Study Shows Some Coral Try­ing to Adapt to Cli­mate Change

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A new study led by the Univer­sity of Mi­ami (UM) Rosen­stiel School of Ma­rine and At­mo­spheric Sci­ence dis­cov­ered that moun­tain­ous star coral—found in Florida and the Caribbean—can adapt to high wa­ter tem­per­a­tures and acid­ity con­di­tions. This could say coral reefs may yet sur­vive some of the short-term im­pacts of global warm­ing on the oceans.

The re­searchers ex­posed two threat­ened Caribbean reef-build­ing coral species, staghorn coral and moun­tain­ous star coral, to com­bi­na­tions of nor­mal (26 de­grees Cel­sius) and el­e­vated tem­per­a­ture (32 de­grees Cel­sius) and in­creased car­bon diox­ide lev­els (ph 7.8/800 ppm) for nine weeks. Ge­netic and phys­i­o­log­i­cal data such as skele­tal growth was then col­lected on the corals to de­ter­mine if stress events are recorded in a coral's skele­tal his­tory.

The re­searchers found that the staghorn coral was more sen­si­tive to heat stress. It ex­pe­ri­enced 100 per­cent mor­tal­ity af­ter 25 days at the el­e­vated tem­per­a­ture of 1.5 de­grees Cel­sius above the his­tor­i­cal max­i­mum monthly mean tem­per­a­ture for the Florida Keys. South Florida wa­ters could be­gin to ex­pe­ri­ence hot spells of this in­ten­sity and du­ra­tion once ev­ery five years by 2035, which ac­cord­ing to the re­searchers sug­gests that the species could be­come in­creas­ingly rare within 20 years.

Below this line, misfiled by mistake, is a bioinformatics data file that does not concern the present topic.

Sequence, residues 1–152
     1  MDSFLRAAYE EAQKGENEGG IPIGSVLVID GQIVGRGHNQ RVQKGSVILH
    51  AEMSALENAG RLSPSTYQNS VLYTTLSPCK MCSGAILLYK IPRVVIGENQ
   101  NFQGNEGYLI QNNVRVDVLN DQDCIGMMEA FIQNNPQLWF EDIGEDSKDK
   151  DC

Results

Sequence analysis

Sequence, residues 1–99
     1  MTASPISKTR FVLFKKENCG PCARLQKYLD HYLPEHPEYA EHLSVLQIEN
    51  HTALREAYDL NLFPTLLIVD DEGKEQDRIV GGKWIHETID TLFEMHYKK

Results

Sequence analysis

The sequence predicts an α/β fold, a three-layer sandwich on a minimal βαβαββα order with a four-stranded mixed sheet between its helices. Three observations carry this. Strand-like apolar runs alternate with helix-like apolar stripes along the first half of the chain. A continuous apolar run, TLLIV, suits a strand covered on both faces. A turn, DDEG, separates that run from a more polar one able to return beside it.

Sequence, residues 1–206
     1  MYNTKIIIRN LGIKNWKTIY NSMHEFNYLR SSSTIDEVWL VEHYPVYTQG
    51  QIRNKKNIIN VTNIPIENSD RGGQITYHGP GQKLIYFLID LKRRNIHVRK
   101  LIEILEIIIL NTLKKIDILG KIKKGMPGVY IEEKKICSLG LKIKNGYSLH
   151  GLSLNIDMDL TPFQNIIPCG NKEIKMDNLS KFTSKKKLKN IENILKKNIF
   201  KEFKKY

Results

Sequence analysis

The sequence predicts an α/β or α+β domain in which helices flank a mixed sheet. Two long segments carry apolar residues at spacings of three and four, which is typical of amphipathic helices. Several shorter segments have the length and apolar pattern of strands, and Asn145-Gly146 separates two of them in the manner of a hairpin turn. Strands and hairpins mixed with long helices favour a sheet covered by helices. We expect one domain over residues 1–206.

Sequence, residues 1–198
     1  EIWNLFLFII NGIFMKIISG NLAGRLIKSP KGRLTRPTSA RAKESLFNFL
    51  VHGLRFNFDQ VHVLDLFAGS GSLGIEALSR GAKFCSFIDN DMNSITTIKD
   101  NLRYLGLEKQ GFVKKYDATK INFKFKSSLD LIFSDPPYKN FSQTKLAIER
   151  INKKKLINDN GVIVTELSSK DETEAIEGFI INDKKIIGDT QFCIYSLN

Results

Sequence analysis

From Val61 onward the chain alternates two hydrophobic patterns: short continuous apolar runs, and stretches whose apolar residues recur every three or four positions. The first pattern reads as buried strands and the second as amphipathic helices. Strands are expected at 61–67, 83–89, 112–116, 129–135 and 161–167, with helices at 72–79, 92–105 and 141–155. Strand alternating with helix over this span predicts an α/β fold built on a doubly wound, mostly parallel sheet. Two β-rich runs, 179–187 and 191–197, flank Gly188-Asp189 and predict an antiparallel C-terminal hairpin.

The moun­tain­ous star coral sur­vived 62 days at the el­e­vated tem­per­a­ture and quickly re­cov­ered when tem­per­a­ture was re­duced at the end of the ex­per­i­ment. Re­duced ph did not af­fect sur­vival but did sig­nif­i­cantly im­pact growth un­der nor­mal tem­per­a­tures.

"Based on these re­sults we pre­dict that moun­tain­ous star coral will very con­ser­va­tively be able to tol­er­ate any warm­ing the Florida Keys is likely to ex­pe­ri­ence now un­til 2060 and very pos­si­bly to the end of the cen­tury," said Chris Lang­don, lead re­searcher and au­thor on this study.

Coral reefs are es­pe­cially vul­ner­a­ble to cli­mate change be­cause they are eas­ily af­fected by warm wa­ter. When ocean tem­per­a­tures rise, the al­gae that give coral its bright col­ors leave their host, caus­ing it to look white, a con­di­tion known as 'coral bleach­ing'. The loss of al­gae, which pro­vide coral with much of its en­ergy, make corals vul­ner­a­ble to star­va­tion and dis­ease.

The moun­tain­ous star coral had spe­cial al­gae, called D sym­bionts, which the re­searchers be­lieve made it able to adapt to the ex­per­i­men­tal cli­mate change con­di­tions.

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